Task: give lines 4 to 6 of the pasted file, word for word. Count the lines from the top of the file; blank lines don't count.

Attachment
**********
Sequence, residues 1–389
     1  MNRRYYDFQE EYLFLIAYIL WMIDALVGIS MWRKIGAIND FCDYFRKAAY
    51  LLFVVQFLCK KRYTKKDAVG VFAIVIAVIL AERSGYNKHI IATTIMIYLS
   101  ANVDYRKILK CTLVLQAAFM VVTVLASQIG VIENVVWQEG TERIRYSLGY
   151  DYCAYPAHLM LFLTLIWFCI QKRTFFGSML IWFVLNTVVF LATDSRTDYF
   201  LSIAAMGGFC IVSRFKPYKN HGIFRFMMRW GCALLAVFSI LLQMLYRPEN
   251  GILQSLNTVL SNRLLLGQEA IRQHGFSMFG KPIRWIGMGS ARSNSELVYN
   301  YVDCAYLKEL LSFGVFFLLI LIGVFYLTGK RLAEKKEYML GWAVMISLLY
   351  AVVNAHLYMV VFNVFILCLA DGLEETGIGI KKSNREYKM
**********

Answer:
   101  ANVDYRKILK CTLVLQAAFM VVTVLASQIG VIENVVWQEG TERIRYSLGY
   151  DYCAYPAHLM LFLTLIWFCI QKRTFFGSML IWFVLNTVVF LATDSRTDYF
   201  LSIAAMGGFC IVSRFKPYKN HGIFRFMMRW GCALLAVFSI LLQMLYRPEN